What do you think about…..

by edbacon | November 1, 2011 3:35 pm

Porter Stansberry and Dr. David Eifrig are offering to collaborate on the Retirement Trader Newsletter. To cash flow the market they are suggesting we sell puts and calls on companies we want to own. They say they have a proven track record and will provide continuing recommendations. I am considering pursuing this, what do you think?


Source URL: https://www.stockgumshoe.com/2011/11/microblog-what-do-you-think-about/

  1. 12477 |
    Travis Johnson, Stock Gumshoe
    Travis Johnson, Stock Gumshoe
    Nov 1 2011, 03:48:07 pm

    These strategies are quite common, and if you’re looking for relatively low risk then they tend to be fairly low income generators except when volatility spikes. I don’t know what the track record is for the Retirement Trader, but it’s pretty expensive so you’d want to have a large chunk of cash to dedicate to option selling (you need cash to back up those commitments) in order to make the purchase price of the newsletter appear reasonable. Assuming that their strategy is effective, of course.

    There are several newsletters that sell options as a regular strategy — selling covered calls is the most common one (ie, buy the stock then sell a call against it to earn income), but a few put-selling advisories have cropped up over the years too, including Lee Lowell’s Instant Money Trader. We’ve had at least one subscriber review of that one that talks a bit about the strategy, and I’ve written about it a couple times: http://stockgumshoe.com/reviews/instant-money-trader/

    I’ve written about Retirement Trader before, but we don’t yet have any subscriber reviews — what we do have is here: http://stockgumshoe.com/reviews/retirement-trader/

  2. Avatar
    Nov 4 2011, 01:08:22 pm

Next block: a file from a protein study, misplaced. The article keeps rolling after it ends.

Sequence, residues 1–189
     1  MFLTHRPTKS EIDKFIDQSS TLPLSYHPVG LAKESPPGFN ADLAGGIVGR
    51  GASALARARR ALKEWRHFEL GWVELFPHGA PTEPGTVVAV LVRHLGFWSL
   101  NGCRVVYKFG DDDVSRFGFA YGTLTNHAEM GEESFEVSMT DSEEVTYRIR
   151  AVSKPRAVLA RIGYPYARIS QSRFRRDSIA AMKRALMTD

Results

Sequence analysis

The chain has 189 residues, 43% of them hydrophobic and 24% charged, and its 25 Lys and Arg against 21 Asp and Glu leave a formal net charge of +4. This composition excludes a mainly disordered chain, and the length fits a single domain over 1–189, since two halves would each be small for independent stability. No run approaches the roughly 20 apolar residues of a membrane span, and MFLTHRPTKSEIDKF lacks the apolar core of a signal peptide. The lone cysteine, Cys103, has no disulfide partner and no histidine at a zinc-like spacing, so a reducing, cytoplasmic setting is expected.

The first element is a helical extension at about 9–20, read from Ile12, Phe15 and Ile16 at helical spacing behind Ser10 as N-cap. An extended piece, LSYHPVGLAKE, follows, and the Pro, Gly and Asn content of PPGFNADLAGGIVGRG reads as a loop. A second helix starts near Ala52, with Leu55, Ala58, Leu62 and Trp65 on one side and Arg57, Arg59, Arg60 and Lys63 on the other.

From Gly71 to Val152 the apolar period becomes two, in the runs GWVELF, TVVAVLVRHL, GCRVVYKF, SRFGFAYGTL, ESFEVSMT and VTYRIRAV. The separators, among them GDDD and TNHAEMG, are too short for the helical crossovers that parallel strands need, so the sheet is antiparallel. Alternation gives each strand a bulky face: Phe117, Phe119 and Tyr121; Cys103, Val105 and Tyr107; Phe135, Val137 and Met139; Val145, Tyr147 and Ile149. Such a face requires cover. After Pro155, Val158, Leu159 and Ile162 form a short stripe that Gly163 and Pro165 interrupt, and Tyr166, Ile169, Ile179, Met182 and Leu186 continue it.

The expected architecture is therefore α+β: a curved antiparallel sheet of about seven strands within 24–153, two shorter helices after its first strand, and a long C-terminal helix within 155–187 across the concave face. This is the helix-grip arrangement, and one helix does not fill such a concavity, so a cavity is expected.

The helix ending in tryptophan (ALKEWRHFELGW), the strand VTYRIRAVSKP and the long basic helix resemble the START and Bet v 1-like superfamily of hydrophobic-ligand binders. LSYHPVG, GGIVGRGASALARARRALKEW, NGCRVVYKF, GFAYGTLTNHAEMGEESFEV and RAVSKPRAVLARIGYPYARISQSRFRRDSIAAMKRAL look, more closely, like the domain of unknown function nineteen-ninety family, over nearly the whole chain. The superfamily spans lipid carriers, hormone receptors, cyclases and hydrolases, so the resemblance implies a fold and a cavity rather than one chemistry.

Hi Ed… I subscribed to this service and canceled it within a few months. To be fair in my comments, I should first tell you that I did not have the capital to buy the stocks once the options were triggered, and the strategy did not fit my personal investment objectives. However, in my opinion there are holes in the strategy, primarily associated with the fact that a falling stock can keep falling. David Eifrig is touted as a former Goldman Sachs trader where he was very successful. However, his picks tended to get triggered so you wind up owning the stock. Also, the mentality of the service seemed to be that “if I am recommending selling an option on a ‘world dominator’ stock, you should be happy to own it even if the stock continues falling because of bad overall market or sector volatility.” With this mindset, it is impossible to have any losers (unless they get stopped out in a massive drop of the market, which Porter Stansberry still thinks is possible per his End of America campaign), and therefore they do not report any. There also were two issues that suggest they are more interested in getting the subscription than full disclosure. This appears in the failure in the pitch I read to disclose that special permissions are required by most brokerage houses for trading options and another higher level approval is required for selling uncovered options. Also there was an example that suggested one could “steal” shares of McDonalds (or perhaps Microsoft) for a price so low that it was inconceivable to anyone seeing the formula that it could ever get there because someone was so “scared” that they wanted “insurance” to protect from a descent to that totally unrealistic value. The actual system trades in options within two or three strikes of At The Money (ATM) so the “stealing” of scared investors’ shares is not feasible. If the sale of options was done exclusively when there was a clear trend and/or technical or fundamental reasons to have a high probablity of movement away from the strike price, it could make a lot of sense. However, my observation of the picks when I was subscribing did not suggest that was the case. Hope this helps…Bonsap